The thing is... people have their own displays they carry around with them now. If you wanted to provide a local service to them you'd best serve them by allowing wifi connections and directing them to a web page with that info.

  • by 93 Escort Wagon (326346) on Monday November 05, 2012 @02:28PM (#41884017)

    In other words:

    Don't bother keeping what works working, instead we should spend obscene amounts of money and manpower on some new, theoretical system that may or may not work.

    I'm sure the buggy whip makers said something similar in their day.

  • by Chirs (87576) on Monday November 05, 2012 @02:34PM (#41884117)

    Historically speaking it's the people that band together and help each other in emergencies that do best.

  • by dywolf (2673597) on Monday November 05, 2012 @02:39PM (#41884205)

    The higher the technology, the bigger the fall when it fails in a disaster.

    you cant overengineer everything, and the more complex/higher tech a thing is, the MORE likely it will fail in a disaster.

    keeping around low tech backups is never bad, and its cheaper too.

  • by dywolf (2673597) on Monday November 05, 2012 @03:03PM (#41884653)

    You are so horribly naive. You cannot failure proof a system. The more complex it is, the more you cannot do it.

    Yours is the exact same voices that say "we dont need guns, we have missles now". and then vietnam proved them wrong.
    Yours is the exact same voices that say "we dont need candles anymore, we have electricity". And then every major storm proves them wrong.
    Yours is the exact same voices that say "we dont need LORAN we have GPS!". and then when a glitch interupts GPS for a few hours everyone freezes cause there is no backup.
    Yours is the exact same voices that say "we dont need guns, we have the police to protect us", until one day the police are too slow.

    Somethings stick around simply because you can't beat a classic. Sure, something shinier comes along, the old reliable gets put back in teh corner, gathering dust. But then when shiny breaks, as it always must, you still got Ol Reliable back in teh corner just waiting.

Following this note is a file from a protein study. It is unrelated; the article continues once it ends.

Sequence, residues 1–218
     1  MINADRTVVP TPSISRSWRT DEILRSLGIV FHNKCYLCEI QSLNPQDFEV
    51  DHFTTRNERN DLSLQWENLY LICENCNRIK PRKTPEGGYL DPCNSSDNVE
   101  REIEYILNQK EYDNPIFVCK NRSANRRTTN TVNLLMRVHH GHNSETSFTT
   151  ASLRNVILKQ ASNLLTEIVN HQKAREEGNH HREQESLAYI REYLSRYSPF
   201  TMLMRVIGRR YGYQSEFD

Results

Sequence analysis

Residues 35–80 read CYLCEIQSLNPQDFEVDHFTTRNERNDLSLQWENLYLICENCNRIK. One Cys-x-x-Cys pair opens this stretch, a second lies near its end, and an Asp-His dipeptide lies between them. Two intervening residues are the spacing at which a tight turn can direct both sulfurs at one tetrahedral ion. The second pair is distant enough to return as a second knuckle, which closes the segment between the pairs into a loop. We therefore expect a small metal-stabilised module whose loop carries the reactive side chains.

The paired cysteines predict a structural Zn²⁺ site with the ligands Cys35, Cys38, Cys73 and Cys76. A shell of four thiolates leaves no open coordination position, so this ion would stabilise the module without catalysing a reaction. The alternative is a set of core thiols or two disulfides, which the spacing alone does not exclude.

At somepoint we may get our cell system to where it is in the category of it simply just works, no maintenance needed, no matter what happens we'll just pop it out and bam it works (ya right). But technology is always advancing. By then there will likely be a new shiny. And once again someone will raise the cry "but its obsolete, get rid of it, we got teh neural net now, we dont need a backup. just engineer the nueral net to be failure proof".

    Having a low-tech, old fashioned, "obsolete" backup is smart. You cannot prepare for everything. The more complex a system, the more ways it can fail. The KISS principle is an axiom for a reason. Overengineering exponentially adds to costs while giving exponentially less benefit in return. 100$ to get 95% there. 1000$ to get 98% thee. 10000$ to get 99% there. 100000$ to get 99.5% there. Etc etc.

    Obsolete is not a bad word. Sure, payphones and landlines are "obsolete". but once your fancy high tech comm relays get taken out by SuperMegaStorm X, even after spending billions to overengineer it, you wont care how "obsolete" it is, unless it's to curse the morons who demanded it be removed.

    Technology is great. But the higher the tech, the worse it is when it goes down without a backup. Having around old seldom used backups is a leg up, a boost, when the s*** hits the fans. Like a cheat sheet, lets you get back in the game quicker, back to normal faster.

  • by jeffb (2.718) (1189693) on Monday November 05, 2012 @03:03PM (#41884655)

    Sure, we've already spent so much money to get the system working 99% of the time. Why not spend the 1% more that it would take to get it working 100% of the time? Heck, spend 2% more, and get it working 101% of the time! Sometimes, you don't even have to dial!

You can do this in a number of ways. IBM chose to do all of them. Why do you find that funny? -- D. Taylor, Computer Science 350